In their recent study–the first UK wide mapping of green prescribing, published in the International Journal of Environmental Research and Public Health, the researchers found that green space presence correlated with higher levels of green prescribing provision, and that areas with higher deprivation may have fewer opportunities for these kinds of health-promoting activities.
Jake said: “We need a better way of linking green prescribing services into the primary healthcare system, particularly in areas with high deprivation––and to find ways of establishing collaborative networks of GPs and nature-based organisations to capitalise on the benefits.
Preliminary findings from our research into Covid-19 and green space use shows us that nature has played an essential role in people’s coping strategy during this pandemic. It is the more deprived areas that have fewer opportunities for nature-based activities and reports suggest that these deprived areas also bear the brunt of Covid-19 with a much higher proportion of deaths compared to more affluent areas.
"Therefore, any Covid-19 recovery strategy really should include additional funding and collaborative support to enhance nature-based activities and high quality, biodiverse green spaces, particularly in areas with high deprivation.
"The health of humans and that of the environment are inextricably linked, and the Covid-19 pandemic is likely a manifestation of a breakdown in this human-nature relationship. Moving forward, we would likely benefit from a conscious shift towards greater reciprocity in this relationship, and holistic interventions like green prescribing could play a key role in this.”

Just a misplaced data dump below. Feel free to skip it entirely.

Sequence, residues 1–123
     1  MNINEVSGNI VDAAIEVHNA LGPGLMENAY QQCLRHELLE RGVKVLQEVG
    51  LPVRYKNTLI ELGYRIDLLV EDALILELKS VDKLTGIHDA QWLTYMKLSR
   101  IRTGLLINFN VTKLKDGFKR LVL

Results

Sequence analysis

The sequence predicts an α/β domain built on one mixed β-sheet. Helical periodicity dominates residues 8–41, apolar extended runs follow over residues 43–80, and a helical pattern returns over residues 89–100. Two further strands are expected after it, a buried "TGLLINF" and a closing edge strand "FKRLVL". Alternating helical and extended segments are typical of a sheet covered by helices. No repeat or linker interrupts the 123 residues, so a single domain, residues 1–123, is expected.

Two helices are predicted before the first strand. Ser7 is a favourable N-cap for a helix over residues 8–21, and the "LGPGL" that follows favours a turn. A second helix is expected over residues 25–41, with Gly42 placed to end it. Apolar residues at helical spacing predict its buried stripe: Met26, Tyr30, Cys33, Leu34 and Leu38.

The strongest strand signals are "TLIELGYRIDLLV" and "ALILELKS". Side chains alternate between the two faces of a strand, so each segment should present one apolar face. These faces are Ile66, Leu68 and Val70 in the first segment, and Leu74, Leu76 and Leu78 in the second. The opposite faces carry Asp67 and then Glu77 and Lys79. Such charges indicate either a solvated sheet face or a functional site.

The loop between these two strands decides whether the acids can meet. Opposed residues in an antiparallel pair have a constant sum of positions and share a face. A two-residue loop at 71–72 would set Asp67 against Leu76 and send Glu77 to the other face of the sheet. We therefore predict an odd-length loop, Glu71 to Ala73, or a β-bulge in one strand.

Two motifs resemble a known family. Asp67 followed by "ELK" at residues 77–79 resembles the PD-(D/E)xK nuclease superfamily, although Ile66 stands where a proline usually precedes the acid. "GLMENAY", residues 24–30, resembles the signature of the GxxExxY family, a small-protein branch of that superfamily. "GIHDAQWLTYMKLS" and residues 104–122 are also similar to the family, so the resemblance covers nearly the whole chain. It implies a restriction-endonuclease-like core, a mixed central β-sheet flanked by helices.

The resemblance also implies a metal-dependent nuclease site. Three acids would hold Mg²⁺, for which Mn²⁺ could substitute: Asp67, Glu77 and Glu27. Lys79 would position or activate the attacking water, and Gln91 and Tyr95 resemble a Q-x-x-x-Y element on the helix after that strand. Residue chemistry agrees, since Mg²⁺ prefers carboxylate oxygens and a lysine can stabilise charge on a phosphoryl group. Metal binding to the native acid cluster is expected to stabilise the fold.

The good news is that many GPs, community social groups, and nature-based organisations are very much on board with this approach.
For example, a group of environmentally-orientated GPs from the Sheffield area (called Greener Practice) are working with the researchers to integrate green prescribing into standard healthcare practice. They recognise the importance of producing a UK wide directory to help connect all of the stakeholders involved with green prescribing––including the prescribers, the service providers, and the patients.
The Sheffield-based GPs have even supported a recent green prescribing research project by offering to host ‘pocket gardens’ in the premises of the GP surgeries. The aim of these gardens is to provide patients who have mental health issues with a place to connect to nature whilst providing a social setting to help reduce isolation.
Jake said: “In light of the Covid-19 pandemic, there has never been a more important time to explore and embrace these holistic strategies that could benefit both society and nature.
"It’s a win-win situation–boosting our green and blue spaces and our green prescribing infrastructure could enhance our health, our economy, and the biodiversity which we depend upon for survival”.
To find out more about the Let Nature Be Thy Medicine study or the active Covid-19/green space study, contact Jake.